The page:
And on the other hand, we have Simelane who, as we know, tried to mislead the Ginwala Commission of Inquiry into the suspension of Vusi Pikoli as NPA boss back in 2008. It was delicately phrased by Frene Ginwala as: “It is clear that the DG: Justice deliberately held these legal opinions from Adv. Pikoli and the enquiry. By persisting in this conduct, he could have misled the enquiry.”

So, do the maths yourself.

Hofmeyr, in his role as SIU head is very involved in the Intaka case and it is likely to bring down several ANC officials of MEC rank and lower. And now that the legal machinery has started, it can be hard to stop. Hence, what appears to be a possibly desperate move to bring down Hofmeyr himself and that way discredit the entire Intaka process.

So what could Simelane’s motivation for this be? He appears to be sabotaging cases by delaying arrests and assigning junior prosecutors to high-profile cases. Surely this is not the behaviour of a man doing his best to “uphold the Constitution and the law”. Rather it is the behaviour of a man taking orders from elsewhere, or at the very least, motivated by goals other than stipulated by law. Either way, it now seems that if one is accused of corruption, and one is a high-ranking ANC member, the chances good that you will get special treatment. It means that ANC officials are royal game (or in modern parlance, protected species) and as such are above prosecution. It means that, if it takes hold, corruption will be completely unchecked, that it won’t even be defined as corruption anymore, but rather as a simple fact of normal life –  like it was in Nigeria for decades.

But there is also a big danger for some of our politicians. At the moment, it seems Simelane is just working passively, stopping political prosecutions rather than starting them. But what could happen if Simelane goes from passively shutting down prosecutions, to actively starting political prosecutions? Firstly, it would make joining the opposition more dangerous. But Helen Zille getting arrested and prosecuted for a speeding fine is not a likely outcome. Much more likely is another political star rising within the ANC. Someone who could topple Zuma, or start any kind of leadership battle. Then the role of Simelane would come into the political frame. What if, say, a Julius Malema or someone equally unstoppable started to gain momentum, and started to call for the corruption charges against Zuma to be re-investigated. Would Simelane say no, would he do it because he might think that person is going to beat Zuma and thus it’s the smart thing to do, or would he prosecute any of Zuma’s challengers? Would the political reality guide his decisions?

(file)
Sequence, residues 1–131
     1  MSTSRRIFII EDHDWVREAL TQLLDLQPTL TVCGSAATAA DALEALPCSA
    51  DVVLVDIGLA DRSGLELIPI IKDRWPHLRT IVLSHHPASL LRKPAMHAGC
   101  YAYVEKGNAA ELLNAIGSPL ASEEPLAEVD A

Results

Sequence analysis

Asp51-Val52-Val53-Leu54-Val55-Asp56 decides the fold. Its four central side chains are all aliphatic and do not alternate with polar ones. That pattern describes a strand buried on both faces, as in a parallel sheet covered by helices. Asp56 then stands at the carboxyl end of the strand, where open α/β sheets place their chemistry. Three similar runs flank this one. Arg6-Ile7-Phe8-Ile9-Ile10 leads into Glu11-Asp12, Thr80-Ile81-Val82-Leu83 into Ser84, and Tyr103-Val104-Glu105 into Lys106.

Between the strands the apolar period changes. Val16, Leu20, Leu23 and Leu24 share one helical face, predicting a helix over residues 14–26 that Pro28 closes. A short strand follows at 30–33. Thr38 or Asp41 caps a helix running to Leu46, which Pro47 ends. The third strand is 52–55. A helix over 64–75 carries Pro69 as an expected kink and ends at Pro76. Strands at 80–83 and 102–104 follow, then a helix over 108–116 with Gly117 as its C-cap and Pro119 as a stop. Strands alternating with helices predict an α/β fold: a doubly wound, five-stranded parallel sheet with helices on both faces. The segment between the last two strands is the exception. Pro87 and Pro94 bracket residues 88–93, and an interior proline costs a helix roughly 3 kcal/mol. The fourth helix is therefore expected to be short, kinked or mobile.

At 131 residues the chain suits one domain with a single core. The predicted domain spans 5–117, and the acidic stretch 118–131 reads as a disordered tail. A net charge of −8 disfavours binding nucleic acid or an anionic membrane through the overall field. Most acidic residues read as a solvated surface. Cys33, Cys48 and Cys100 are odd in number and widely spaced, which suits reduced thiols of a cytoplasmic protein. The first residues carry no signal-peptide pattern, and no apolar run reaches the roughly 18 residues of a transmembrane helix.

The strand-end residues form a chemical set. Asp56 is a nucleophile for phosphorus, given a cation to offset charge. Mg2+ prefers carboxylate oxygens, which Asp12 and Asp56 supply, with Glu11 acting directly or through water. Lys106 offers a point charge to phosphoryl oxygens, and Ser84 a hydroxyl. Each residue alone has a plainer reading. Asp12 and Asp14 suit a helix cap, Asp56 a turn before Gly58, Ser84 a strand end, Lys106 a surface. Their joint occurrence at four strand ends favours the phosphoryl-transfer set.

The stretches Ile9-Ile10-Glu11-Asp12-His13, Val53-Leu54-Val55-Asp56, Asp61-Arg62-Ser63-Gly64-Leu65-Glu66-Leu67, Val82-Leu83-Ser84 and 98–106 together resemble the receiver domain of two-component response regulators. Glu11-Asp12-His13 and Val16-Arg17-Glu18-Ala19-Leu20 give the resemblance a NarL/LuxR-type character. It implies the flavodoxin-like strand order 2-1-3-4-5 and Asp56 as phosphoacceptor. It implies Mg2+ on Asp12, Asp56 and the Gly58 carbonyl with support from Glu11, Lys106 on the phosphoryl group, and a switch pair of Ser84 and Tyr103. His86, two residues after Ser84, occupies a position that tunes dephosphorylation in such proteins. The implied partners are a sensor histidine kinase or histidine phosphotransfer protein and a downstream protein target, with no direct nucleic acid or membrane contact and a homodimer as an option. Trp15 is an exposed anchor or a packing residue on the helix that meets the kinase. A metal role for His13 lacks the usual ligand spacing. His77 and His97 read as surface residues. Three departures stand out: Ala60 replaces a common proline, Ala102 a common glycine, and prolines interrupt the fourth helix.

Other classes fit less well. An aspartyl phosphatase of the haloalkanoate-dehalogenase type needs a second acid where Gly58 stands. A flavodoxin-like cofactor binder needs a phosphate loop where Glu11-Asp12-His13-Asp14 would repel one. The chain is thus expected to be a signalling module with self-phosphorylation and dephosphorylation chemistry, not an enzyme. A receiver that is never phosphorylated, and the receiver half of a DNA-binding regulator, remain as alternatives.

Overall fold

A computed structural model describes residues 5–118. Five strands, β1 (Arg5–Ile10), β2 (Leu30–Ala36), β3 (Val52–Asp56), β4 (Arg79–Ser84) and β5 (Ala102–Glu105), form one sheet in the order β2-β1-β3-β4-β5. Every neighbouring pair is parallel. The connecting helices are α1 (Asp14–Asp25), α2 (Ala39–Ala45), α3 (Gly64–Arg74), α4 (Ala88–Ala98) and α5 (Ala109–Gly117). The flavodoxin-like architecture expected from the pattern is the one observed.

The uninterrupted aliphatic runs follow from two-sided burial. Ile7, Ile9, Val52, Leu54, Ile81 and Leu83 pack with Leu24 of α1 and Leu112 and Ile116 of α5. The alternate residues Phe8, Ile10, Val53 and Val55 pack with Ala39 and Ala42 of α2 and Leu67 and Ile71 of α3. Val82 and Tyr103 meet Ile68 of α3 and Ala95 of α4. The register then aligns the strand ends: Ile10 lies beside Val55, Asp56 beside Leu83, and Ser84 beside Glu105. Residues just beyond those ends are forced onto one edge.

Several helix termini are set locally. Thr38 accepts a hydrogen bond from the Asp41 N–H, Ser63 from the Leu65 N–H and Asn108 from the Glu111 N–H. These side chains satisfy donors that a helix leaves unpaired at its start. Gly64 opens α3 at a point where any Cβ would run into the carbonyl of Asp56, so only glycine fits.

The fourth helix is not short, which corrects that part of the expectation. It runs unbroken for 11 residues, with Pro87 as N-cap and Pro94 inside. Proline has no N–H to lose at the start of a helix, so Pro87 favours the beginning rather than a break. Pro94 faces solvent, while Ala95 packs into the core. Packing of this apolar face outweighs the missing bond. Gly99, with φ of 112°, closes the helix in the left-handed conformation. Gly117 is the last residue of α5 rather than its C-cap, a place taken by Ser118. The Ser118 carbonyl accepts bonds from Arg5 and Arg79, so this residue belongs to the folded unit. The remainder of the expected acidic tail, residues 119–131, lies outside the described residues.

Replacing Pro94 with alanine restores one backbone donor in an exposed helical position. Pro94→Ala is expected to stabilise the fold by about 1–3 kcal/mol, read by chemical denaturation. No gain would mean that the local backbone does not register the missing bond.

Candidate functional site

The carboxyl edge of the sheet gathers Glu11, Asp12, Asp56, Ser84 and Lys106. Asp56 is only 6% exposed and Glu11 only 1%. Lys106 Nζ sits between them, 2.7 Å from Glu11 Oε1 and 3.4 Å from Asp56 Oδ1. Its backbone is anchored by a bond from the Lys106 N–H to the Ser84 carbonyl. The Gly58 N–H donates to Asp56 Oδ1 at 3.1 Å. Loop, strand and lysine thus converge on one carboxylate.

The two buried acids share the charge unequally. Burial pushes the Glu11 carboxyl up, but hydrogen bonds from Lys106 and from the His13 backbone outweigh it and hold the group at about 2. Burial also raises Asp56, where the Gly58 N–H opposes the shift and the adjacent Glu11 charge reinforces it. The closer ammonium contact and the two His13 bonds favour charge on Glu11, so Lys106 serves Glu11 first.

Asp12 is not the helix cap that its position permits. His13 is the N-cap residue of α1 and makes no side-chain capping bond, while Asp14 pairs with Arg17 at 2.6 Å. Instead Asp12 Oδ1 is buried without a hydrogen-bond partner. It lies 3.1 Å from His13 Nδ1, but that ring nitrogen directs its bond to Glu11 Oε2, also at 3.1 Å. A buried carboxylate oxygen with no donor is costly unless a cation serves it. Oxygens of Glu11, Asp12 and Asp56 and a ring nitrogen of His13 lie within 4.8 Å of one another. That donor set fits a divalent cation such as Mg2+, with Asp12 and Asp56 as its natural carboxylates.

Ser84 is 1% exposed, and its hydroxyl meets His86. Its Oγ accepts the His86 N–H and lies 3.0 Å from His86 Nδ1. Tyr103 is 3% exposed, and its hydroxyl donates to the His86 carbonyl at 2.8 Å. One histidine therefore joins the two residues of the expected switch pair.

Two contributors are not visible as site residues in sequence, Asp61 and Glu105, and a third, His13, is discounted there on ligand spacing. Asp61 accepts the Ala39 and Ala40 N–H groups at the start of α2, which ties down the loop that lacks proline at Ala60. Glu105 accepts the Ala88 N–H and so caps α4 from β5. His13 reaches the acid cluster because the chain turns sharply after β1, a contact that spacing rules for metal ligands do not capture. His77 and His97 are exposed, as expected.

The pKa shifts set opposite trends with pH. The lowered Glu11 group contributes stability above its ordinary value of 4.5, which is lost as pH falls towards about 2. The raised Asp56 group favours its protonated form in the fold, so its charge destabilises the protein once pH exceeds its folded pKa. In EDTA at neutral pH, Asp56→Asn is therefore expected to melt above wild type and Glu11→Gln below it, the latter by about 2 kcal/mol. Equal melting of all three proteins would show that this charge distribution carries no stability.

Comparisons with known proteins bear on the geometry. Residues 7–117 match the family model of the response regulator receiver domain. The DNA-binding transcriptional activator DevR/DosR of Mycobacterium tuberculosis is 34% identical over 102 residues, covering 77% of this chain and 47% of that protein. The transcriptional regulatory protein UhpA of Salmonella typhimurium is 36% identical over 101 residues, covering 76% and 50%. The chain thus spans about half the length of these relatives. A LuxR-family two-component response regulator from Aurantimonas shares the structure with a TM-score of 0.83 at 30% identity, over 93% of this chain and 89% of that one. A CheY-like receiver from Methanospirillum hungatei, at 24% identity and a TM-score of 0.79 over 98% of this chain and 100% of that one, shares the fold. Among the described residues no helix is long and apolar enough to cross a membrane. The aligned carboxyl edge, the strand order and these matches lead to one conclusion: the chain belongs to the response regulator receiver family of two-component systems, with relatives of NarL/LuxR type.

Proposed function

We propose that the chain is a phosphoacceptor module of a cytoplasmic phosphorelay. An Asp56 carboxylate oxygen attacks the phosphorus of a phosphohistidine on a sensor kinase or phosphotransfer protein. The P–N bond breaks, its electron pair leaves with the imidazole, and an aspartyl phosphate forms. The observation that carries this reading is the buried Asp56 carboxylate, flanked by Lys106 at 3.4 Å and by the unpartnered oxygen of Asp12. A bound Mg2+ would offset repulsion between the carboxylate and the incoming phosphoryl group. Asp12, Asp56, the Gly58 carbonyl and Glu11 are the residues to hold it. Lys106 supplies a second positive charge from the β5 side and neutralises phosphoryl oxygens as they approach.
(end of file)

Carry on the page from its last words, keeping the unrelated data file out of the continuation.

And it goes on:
We now know it was Thabo Mbeki who let the genie of politicising the NPA out of the bottle by appointing Bulelani Ngucka, who then prosecuted Zuma in a less than by-the-book fashion. You would have thought that the victim of such action, Jacob Zuma, would have realised how important it was to put that genie back in the bottle. But alas, Zuma couldn’t resist the temptation. And Simelane is proving to be a loyal soldier to the cause.

The reality of South Africa today is marked by the democratic system that is under attack by the ruling party from just about every angle. Many of us still place the last remaining hope in the justice system. The evil genie unleashed by politicising the NPA has a huge political and legal power and the potential to flush us all down the tube. DM

Grootes is an EWN reporter.

Photo: Menzi Simelane (Daily Maverick)